The Big Idea: Jen Comfort
While it’s true that Phantom of the Opera is leaving Broadway, author Jen Comfort is here to bring a modern, gender-reversed version of it to your reading list with her newest rom-com novel, Midnight Duet.
“You know how the 2019 theatrical release of Andrew Lloyd Webber’s Cats was a visual, conceptual, and financial travesty of colossal purr-portions? Hear me out…”
It’s late 2020. My debut book hasn’t even hit shelves yet, and here I am–unreviewed by critics, untested by audiences, absolutely zero clout to my name–throwing utterly ridiculous book ideas at my editor with the outsized ambition of 2015’s Pizza Rat (may he rest in piz.. za).
“What if I did that with Phantom of the Opera, except the Phantom is a woman, the ingenue is a German hair metal frontman, and it’s a contemporary rom-com novel set in Vegas?”
Context is key: in late 2020, I’d been unemployed from my restaurant serving job for seven months, the world was burning down in figurative and literal senses, and I’d spent a great deal of time with only my imagination and my cats for company. I wouldn’t say I was going insane, per se, because that does a terrible disservice to people with real mental health problems, and they’ve already gotten enough disservice from our country’s abysmal healthcare system. I’m simply suggesting if I lived in the basement catacombs of an opera house and had dedicated my life to ensuring the establishment’s musical and theatrical success, and then that opera house were purchased by two ding-dongs and a rich muppet who wouldn’t know performance art if it accidentally landed on them like a one-ton chandelier, and then the love of my life abandoned me for said muppet and the ding-dongs ruined my theater in the way (insert director of your choice) ruined Star Wars… well, under those circumstances, the Phantom’s melodramatic rampage of terror isn’t entirely unrelatable, is it? Whomst among us, etcetera, etcetera.
I didn’t expect my editor to say yes.
Many times, while I was writing Midnight Duet, I wished she hadn’t. Because at the end of the day, I was tasked with writing a contemporary romance novel, which is a genre with a strictly regulated plot structure and tone. A rom-com should be voice-y and funny, full of delightful secondary characters, and host a plot laden with zany mishaps yet bound the confines of modern reality.
And then there’s The Phantom of the Opera–a musical set in 1870s Paris, about a mask-wearing, cape-swirling, possibly-magic-wielding anti-hero who lurks in an underground chamber with a pipe organ (how did it get down there? No one knows and no one cares) and an inexplicably endless supply of candelabras. There’s murder, fire, mystical mirror seduction, and a heroine who doesn’t see a problem with any of this, because her purpose in life is to be hot and good at singing, and good for her.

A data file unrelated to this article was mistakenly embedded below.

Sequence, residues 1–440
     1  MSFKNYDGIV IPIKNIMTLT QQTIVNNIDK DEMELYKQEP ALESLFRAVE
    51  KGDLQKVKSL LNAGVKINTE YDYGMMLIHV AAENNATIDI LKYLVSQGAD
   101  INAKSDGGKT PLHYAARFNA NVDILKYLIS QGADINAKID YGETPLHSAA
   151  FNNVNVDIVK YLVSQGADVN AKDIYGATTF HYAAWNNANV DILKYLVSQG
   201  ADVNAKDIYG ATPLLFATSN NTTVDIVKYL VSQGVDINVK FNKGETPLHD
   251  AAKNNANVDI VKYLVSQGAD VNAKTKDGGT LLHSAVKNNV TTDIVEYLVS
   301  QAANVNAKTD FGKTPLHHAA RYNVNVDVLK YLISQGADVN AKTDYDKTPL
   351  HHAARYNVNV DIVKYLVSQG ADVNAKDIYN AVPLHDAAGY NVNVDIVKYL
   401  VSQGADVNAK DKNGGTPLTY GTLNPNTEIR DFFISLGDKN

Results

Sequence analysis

And as ridiculous as it all sounds, this is exactly what POTO fans love about Phantom of the Opera–the extra-ness, the over-the-top melodrama, the more-is-more approach to costumes, set decor, and song composition.
There’s nothing I despise more than a remake that’s worse than the original. It’s downright disrespectful. If I was going to write a true homage to this masterpiece–and that’s exactly what my inner, 14-year-old goth girl aspired to do–I had to construct it in a way that did justice to the sheer vibes.
Problem: Where in Pizza Rat’s unholy name am I getting Phantom of the Opera vibes in our contemporary world?
Answer: Vegas. Duh.
Problem: Why is Erika–our female phantom–so goddamn melodramatic?
Answer: She’s a theater major, a former Broadway star, and a diva of Mariah Carey proportions. And like a proper anti-heroine, no one in Manhattan actually liked her, which is why, after a face-scarring accident (naturally), we find our disgraced diva wallowing in self-pity in the Nevada desert, where she’s tasked with saving her family’s Gold Rush-era legacy from a familiar rich muppet. She needs money, so she rents her opera house to Christof and his band, Nachtmusik. (If you’re wondering whether that’s an on-the-nose reference to Music of the Night–of course, it is. ALW doesn’t believe in subtlety, and neither do I.)
Problem: Christof–our up-and-coming vocalist–is a modern musician. Why on Earth would he–Answer: Glam rock. Look, I love the Scorpions, and if there’s any musical style that fits with the words “dramatic” and “extra,” it’s glam rock. We’re making this whole thing work, Spinal Tap style.
There’s no way* to replicate the “anything is possible!” creative energy of 1986, when The Phantom of the Opera was conceived for Broadway. (*In this economy? No one can afford that much cocaine.) But I did re-write approximately 80% of this book in the final weeks before my deadline in what I remember being a sleep-deprived marathon of chocolate-covered pretzels, coffee, and desperation fueled by a terrible sense of having dug my own literary grave. And by all that was unholy: if I had to be buried in that grave, my coffin would be bedazzled in black sequins.
When I describe this book now, I call it a “loose collection of atmospheric goth vibes and horniness,” and I believe it is that.
It is also, I hope, a fitting tribute to the musical, which will finally close in April after 35 years of atmospheric goth vibes and horniness.
It’s too bad ALW never wrote a sequel. But like the Phantom’s love for Christine, my love for ridiculously over-the-top romances will never die.